Barrington GOP asks: Should town ban panhandling?

Council member says he would not support panhandling ordinance

By Josh Bickford
Posted 1/16/20

On Tuesday, Jan. 14, residents and passersby noticed a person panhandling near the intersection of Rumstick Road and County.

The sight, a less than common occurrence in Barrington, left some …

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Barrington GOP asks: Should town ban panhandling?

Council member says he would not support panhandling ordinance

Posted

On Tuesday, Jan. 14, residents and passersby noticed a person panhandling near the intersection of Rumstick Road and County.

The sight, a less than common occurrence in Barrington, resulted in some phone calls to local police. It also left some people questioning whether the town should try to legislate a ban on panhandling. In fact, the Barrington Republican Town Committee created a poll on Facebook this week asking that exact question: "Do you think Barrington should have an ordinance banning panhandling?"

The initial response was heavily in favor of a new ordinance, but feedback has since evened out.

Barrington Town Council member Jacob Brier posted a response to the Facebook poll. At first, he wrote that he had reached out to Barrington Town Manager Jim Cunha in an effort to provide the panhandler with information about Tap-In and EBCAP — two agencies that offer assistance to people in need in the East Bay. 

Mr. Brier later posted this comment: "I appreciate your consideration of helping the council evaluate ordinances to support the community. I agree we should be doing something to prevent panhandling, and I'll put more energy into seeking ways we can support those who are in need of assistance. If we do so effectively, there will be nobody in need of asking for a helping hand from the community. Thank you for making this an issue."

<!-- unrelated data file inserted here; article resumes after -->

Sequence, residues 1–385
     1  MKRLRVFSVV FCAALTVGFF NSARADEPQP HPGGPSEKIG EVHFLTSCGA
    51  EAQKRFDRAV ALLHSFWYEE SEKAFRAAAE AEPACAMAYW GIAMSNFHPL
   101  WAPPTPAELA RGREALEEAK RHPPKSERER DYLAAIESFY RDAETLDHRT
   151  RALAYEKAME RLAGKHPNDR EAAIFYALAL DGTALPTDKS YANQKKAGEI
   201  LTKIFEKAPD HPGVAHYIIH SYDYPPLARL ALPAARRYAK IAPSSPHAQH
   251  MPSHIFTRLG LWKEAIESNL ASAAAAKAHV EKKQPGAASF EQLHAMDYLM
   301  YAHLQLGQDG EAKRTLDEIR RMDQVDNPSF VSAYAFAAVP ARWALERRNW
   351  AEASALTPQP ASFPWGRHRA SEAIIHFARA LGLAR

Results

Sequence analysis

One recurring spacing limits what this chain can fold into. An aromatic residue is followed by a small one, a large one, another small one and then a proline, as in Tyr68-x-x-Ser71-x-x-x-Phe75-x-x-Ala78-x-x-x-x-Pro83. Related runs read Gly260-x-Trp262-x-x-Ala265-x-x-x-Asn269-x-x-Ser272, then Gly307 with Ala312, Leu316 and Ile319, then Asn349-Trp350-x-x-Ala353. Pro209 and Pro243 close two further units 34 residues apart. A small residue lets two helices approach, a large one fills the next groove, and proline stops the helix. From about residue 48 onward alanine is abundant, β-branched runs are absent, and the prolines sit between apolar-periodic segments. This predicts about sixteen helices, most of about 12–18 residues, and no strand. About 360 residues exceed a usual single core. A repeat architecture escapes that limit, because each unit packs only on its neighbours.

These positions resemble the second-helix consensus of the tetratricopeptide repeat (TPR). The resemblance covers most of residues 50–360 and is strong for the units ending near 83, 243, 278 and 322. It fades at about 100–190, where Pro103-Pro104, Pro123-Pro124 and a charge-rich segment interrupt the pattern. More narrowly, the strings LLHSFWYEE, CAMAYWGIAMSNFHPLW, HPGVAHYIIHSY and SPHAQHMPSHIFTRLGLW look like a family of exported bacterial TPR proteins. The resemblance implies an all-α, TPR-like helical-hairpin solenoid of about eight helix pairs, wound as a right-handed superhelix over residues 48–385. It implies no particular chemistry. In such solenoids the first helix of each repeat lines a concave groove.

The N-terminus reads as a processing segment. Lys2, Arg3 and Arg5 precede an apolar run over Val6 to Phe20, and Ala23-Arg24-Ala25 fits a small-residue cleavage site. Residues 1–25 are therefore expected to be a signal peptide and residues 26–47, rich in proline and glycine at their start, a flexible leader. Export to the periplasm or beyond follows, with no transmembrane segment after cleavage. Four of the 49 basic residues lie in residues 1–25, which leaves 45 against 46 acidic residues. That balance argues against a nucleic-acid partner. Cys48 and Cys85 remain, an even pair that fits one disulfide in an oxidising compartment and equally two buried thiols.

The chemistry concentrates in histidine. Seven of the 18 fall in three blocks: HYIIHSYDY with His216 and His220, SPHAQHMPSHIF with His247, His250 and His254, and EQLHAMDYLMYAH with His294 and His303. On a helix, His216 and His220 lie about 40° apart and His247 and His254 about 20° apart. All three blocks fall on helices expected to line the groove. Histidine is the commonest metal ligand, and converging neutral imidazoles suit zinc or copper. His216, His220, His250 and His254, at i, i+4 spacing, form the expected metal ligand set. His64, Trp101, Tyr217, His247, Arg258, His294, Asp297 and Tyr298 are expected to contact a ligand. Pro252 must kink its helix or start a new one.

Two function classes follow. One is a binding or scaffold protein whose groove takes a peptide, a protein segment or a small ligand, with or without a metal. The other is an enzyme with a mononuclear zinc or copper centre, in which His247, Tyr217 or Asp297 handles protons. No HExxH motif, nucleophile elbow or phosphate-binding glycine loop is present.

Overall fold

On Thursday morning, Mr. Brier clarified some of his thoughts on the issue. He said he had no appetite for creating legislation banning panhandling in Barrington.

"First, it resembles criminalizing homelessness and poverty, and is not how we should … support those of our neighbors who are in need of help," he wrote in an email to the Barrington Times. "It takes courage and humility to publicly ask for a handout. Nobody does it unless they need to. Second, it is likely unconstitutional, and the last thing our town needs is to create another reason to get into a legal battle... Especially when it would be a fight to allow the town to make the life of the least fortunate even less fortunate."

Mr. Brier rejected the idea that panhandling in town could have a negative impact on Barrington businesses. 

"There are a few reasons I don't share that concern, in our town. The person seeking help here apparently told a BPD (Barrington Police Department) officer that he came from Providence, because there are too many people asking there. For that reason, I think it's unlikely multiple people show up in town. We don't have the volume to support a widespread panhandling. The person was also told they could not solicit donations on private property. That will keep them out of the shopping plazas, and near other intersections; so people are unlikely to be accosted while shopping," Mr. Brier wrote.

Mr. Brier said people are likely to encounter panhandling in just about all communities, as many people are currently struggling financially. 

"And that's truly unfortunate -- not because it makes us uncomfortable to see, but because people in need, who are hurting, are everywhere," he wrote. "I keep protein bars in my car for just this reason, and if I see this person, or anybody, that's what I'll be handing out."

Editor's note: The Barrington GOP reportedly took down the Facebook poll on Thursday, Jan. 16. 

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